Florida Keys’ 80,000 people evacuate islands

MIAMI (AP) — All 80,000 residents of the Florida Keys were ordered to evacuate the islands Wednesday as Hurricane Georges stormed toward the island chain, and cars and trucks with boats in tow squeezed onto the two-lane highway that is the only road to the mainland.
With more than three dozen people dead in its wake in the Caribbean, Georges moved over Cuba and could reach the Keys later today.
Because of the hurricane’s wobbly course, officials said 540,000 more people could be asked early today to leave Miami Beach and other low-lying areas farther up the coast.
Traffic was heavy but brisk after tolls were lifted on all evacuation routes between Key Largo, the northernmost island in the Keys, and Orlando.
“I don’t want to stay for a hurricane,” said Fort Pierce resident Pat Stowell, whose Key West vacation with her husband ended abruptly. “Been there, done that.”
At 5 p.m., Georges was drifting west at 14 mph along Cuba’s southern coast, 535 miles southeast of Key West, with winds of 75 mph.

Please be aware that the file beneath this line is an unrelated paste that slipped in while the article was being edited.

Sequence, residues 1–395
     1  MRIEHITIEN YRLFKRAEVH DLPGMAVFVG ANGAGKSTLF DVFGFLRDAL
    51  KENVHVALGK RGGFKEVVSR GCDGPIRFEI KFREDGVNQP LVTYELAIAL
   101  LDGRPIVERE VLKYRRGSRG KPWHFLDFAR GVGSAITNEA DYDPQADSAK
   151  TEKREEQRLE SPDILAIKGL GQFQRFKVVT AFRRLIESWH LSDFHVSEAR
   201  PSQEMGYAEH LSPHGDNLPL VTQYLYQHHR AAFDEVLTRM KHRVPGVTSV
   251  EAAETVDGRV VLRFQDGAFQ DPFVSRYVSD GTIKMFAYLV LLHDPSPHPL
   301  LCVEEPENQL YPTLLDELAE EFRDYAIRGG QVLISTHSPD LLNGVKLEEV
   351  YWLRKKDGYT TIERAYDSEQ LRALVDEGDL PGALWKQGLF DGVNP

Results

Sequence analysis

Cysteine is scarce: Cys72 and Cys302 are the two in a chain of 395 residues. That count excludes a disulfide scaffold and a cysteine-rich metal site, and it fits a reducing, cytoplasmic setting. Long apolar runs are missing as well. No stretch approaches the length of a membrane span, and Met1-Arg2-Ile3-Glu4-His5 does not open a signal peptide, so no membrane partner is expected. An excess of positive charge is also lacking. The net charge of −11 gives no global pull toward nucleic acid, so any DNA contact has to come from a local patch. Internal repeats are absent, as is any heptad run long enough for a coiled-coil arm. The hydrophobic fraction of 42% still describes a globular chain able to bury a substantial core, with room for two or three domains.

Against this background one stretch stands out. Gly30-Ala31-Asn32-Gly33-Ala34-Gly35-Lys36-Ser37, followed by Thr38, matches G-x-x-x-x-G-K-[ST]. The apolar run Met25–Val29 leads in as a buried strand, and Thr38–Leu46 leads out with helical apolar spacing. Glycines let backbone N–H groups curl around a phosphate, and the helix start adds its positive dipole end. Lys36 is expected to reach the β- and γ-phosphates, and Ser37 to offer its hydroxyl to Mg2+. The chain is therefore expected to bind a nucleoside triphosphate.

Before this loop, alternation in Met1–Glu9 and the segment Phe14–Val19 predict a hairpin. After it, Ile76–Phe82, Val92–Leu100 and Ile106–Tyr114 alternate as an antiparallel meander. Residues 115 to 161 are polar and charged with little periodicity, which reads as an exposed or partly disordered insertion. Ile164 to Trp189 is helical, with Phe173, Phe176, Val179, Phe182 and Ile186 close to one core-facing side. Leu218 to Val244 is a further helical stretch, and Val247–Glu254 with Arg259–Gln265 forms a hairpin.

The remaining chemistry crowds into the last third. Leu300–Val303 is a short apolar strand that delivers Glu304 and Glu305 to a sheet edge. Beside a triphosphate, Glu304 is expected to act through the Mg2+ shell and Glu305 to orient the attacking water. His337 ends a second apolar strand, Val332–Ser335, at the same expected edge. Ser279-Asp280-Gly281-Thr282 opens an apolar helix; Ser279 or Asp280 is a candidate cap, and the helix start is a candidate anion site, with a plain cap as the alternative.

Forecasters said Georges could weaken over Cuba and reach the Keys as a tropical storm. Or it could strengthen and slice through the Keys late Thursday or early Friday.
“Satellite pictures make us think it is coming back like gangbusters,” said Jerry Jarrell, director of the National Hurricane Center in Miami.
Gov. Lawton Chiles declared a state of emergency in central and southern Florida, allowing the state to activate the National Guard, lift tolls along evacuation routes and buy bulk emergency supplies.
The Florida Keys are one of the most difficult places in the United States to evacuate because a single two-lane highway connects the 120-mile-long chain with the mainland.
U.S. Highway 1 runs over the ocean for miles at a stretch, with the roadway only about 5 feet above the water in some places. Stretches of the highway have been submerged during past hurricanes.
In Key West, a devil-may-care sort of place where crusty island dwellers often choose to stick out storms, the smell of fresh wood was in the air from all the sawing and drilling as people boarded up windows to protect their homes.
Only a few dozen stragglers populated the tourist strip that is normally host to thousands. Those remaining ran red lights, double-parked and generally disobeyed traffic laws.
Devin Crimmins, 19, of Huntington, N.Y., pitched in as employees of the Jangada clothing store loaded Nike, Reebok and Mossimo sportswear into a rental truck for a ride out of town. “I just came here looking for a souvenir and they asked me to help,” he said.
The last major hurricane to make a direct hit on the Keys was Donna in 1960. Georges could be the first major hurricane felt in South Florida since Andrew, which caused $25 billion damage in Florida alone in 1992.